Black Treacle Cake

Photography Serge Oryan

Photography Serge Oryan

This is one of those recipes that just came together in my head in 3 minutes.

1. I wanted to bake a cake.

2. I didn’t want it to contain eggs, milk or butter.

3. A cake that uses black treacle.

You may wonder, what’s the occasion? I have friends visiting me tomorrow.

Why no eggs – no milk – no butter? Because during Lent many friends abstain from eating meat and dairy, therefore my guests will have no reason to say no to my cake.

Why black treacle? Well for the simple reason that I still have a bottle since Christmas and I want to finish it;-)

The resulting DELICIOUS cake had a dark color, strong flavor and viscous consistency. The combination of treacle and aniseed is the secret to this succulent cake. There’s something flavorful about this blend that lights up my mood even on bad days. For some the taste of treacle, might be very strong and for those who love this taste, close to licorice if I may say, will fall in love with this recipe.

You can always use milk instead of water or if desired, use half milk and half water. You may also substitute the black treacle with date molasses. And if you decide to use all-purpose-flour then I suggest you add 2 teaspoons of baking flower. Many options can be explored but my one-advise is not to skip the aniseed addition!

Black Treacle Cake Recipe


  • 3 cups self-rising flour
  • 2 tbsp ground aniseed
  • 1 cup vegetable oil
  • 2 cups black treacle
  • 1 ½ cups water
  • ½ cup slivered almonds


  1. Preheat oven to 180°C. In a bowl, mix flour and aniseed. Add oil and stir to make a paste.
  2. In a separate bowl, combine treacle and water. Add gradually to the flour paste and mix.
  3. Grease a cake mold and pour batter. Make sure it’s flat and even. Sprinkle with almonds.
  4. Bake for approximately 40-45 minutes, or until top is springy to the touch and a wooden skewer inserted comes out clean. Allow to cool for 15 minutes in the pan before transferring to a plate.

Juicy Christmas Turkey

Christmas Turkey - MayaOryanPopular restaurants and catering companies get more than a 100 orders of turkey each on 24 and 25 December every year. They start baking turkeys weeks before and store them in freezers. On same day, it’s stuffed, plated and delivered. No wonder I never liked it!

The secret to a juicy and flavored turkey is to be cooked on same day. It’s not complicated at all. It just takes time in the oven. It’s an easy recipe and is always a hero dish for main events like Christmas.

I like to use a lot of fruits in my recipe to flavor the turkey; it blends nicely with sautéed peas, carrots and sweet potatoes. Delicious!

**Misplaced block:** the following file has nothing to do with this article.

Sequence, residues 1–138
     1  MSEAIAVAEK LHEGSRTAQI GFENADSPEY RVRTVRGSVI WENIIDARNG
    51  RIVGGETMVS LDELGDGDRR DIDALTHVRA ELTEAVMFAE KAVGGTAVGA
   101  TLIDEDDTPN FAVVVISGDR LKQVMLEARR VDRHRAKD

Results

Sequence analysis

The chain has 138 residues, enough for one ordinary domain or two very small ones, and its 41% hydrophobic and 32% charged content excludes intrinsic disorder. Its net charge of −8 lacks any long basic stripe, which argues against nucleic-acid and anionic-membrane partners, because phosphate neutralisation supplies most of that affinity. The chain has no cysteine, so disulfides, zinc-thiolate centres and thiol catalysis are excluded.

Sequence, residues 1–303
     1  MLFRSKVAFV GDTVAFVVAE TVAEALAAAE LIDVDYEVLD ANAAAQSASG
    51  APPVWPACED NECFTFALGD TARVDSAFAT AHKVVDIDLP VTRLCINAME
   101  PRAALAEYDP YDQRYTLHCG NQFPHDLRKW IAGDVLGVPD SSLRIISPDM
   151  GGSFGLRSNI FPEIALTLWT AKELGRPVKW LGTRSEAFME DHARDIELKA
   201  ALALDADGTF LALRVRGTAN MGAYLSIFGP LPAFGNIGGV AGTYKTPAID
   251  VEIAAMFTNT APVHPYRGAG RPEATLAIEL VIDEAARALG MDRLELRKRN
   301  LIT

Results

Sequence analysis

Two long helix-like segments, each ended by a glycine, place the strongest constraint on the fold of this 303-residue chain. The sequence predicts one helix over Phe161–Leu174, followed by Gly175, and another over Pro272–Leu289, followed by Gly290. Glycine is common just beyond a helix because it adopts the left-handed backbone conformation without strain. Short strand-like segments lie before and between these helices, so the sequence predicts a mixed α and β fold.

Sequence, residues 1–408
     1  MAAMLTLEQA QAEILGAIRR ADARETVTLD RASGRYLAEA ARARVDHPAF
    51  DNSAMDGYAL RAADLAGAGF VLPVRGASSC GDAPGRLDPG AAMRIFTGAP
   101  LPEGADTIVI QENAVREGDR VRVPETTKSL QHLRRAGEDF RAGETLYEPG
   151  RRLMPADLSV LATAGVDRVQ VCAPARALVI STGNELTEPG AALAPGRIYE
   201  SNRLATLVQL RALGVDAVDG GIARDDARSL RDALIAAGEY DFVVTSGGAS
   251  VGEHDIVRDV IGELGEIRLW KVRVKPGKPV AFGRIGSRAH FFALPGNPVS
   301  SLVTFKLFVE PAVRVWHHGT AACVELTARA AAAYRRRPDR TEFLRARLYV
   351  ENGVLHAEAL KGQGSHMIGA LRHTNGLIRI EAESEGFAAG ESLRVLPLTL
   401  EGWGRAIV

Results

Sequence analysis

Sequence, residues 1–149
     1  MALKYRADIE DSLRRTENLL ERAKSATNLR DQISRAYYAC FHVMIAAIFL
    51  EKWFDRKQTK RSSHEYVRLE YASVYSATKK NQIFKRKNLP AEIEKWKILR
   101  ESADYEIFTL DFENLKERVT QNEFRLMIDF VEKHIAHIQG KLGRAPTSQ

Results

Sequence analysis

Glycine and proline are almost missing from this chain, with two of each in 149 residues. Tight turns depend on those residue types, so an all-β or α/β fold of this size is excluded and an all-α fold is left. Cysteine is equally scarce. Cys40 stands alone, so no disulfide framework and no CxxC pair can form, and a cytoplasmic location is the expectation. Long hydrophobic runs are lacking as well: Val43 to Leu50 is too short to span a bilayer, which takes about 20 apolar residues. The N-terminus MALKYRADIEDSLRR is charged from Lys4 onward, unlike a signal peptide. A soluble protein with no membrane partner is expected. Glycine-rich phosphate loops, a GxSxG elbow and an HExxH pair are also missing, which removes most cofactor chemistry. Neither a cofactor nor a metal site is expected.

If you buy a frozen bird, allow at least 24 hours to thaw. And when you take it out from the oven, remember to let it stand for about 30 minutes before carving.

Happy holidays to all!


  • 1 (5 to 6kgs) turkey
  • 1 orange, cut into wedges
  • 1 lemon, cut into wedges
  • 1 apple, cut into wedges
  • 6 dried apricots, chopped
  • 1/4 cup dried sultanas or cranberries
  • 2 sticks of cinnamon
  • 3 bay leaves
  • 1 tbs olive oil
  • 1 onion, sliced
  • 2 carrots chopped
  • 1/2 cup of parsley
  • 3 fresh rosemary sprigs
  • 1 tbsp dried oregano
  • 1 cup of white wine
  • 1/2 stick (50g) unsalted butter, melted
  • 1 tsp Dijon mustard
  • Salt and pepper
  • 1 oven bag size Large
  • 1 tbsp all-purpose flour


  1. In a small saucepan over medium heat stir 1 tablespoon of olive oil, the cinnamon, the bay leaves, the onion, the carrots and the parsley, until the onion is cooked and the carrots are tender. Discard cinnamon and bay leaves and set aside.
  2. Preheat oven to 200 degrees C.
  3. To make the turkey: Start with discarding neck and giblets. Rinse the turkey with the wine (or apple juice) over the sink. Don’t rinse with water.
  4. Mix the oregano, salt and pepper to the butter. Rub the butter mixture all over the turkey and between the turkey breast meat and skin.
  5. Put one tablespoon of flour in the oven bag and divide the remaining ingredients (orange, lemon and apple wedges, apricots, sultanas, rosemary and onion mixture) to place some in the main turkey cavity and some in the oven bag.
  6. Tie the legs together to hold the shape of the turkey. Put the turkey inside the bag and seal in. Place the turkey inside a roasting pan and position the pan on the lowest rack in the oven. Put 3 cups of water in the pan.
  7. Roast the turkey for 40 minutes. Reduce the oven temperature to 175 degrees C. And then cook again for about 21/2 hours or according to the weight of the turkey and the manufacturer’s instructions. Remove from oven. Take off the turkey of the bag and return it to the pan. KEEP THE LIQUID TO MAKE THE GRAVY.
  8. Pour 1 more cup of water into the pan. Continue roasting the turkey about 1 hour longer or until a meat thermometer inserted into the thickest part of the thigh registers 75 degrees C to 80 degrees C or until the juices run clear when the thickest part of the thigh is pierced with a skewer.
  9.  Transfer the turkey to a platter and tent with foil. Let stand 30 minutes while preparing the gravy.
  10. To make the gravy: Strain the turkey pan juices from the roasting pan through a sieve and into a 4-cup glass measuring cup; discard the solids. Spoon off the fat from atop the pan juices. Add enough chicken broth, about 1 to 2 cups, to the pan juices to measure 4 cups total. Melt the remaining butter in a heavy large saucepan over medium-high heat. Add the flour and whisk for 1 minute. Gradually whisk in the broth. Simmer until the gravy thickens slightly, whisking often, about 10 minutes. Season with mustard, salt and pepper. Serve the turkey with the gravy.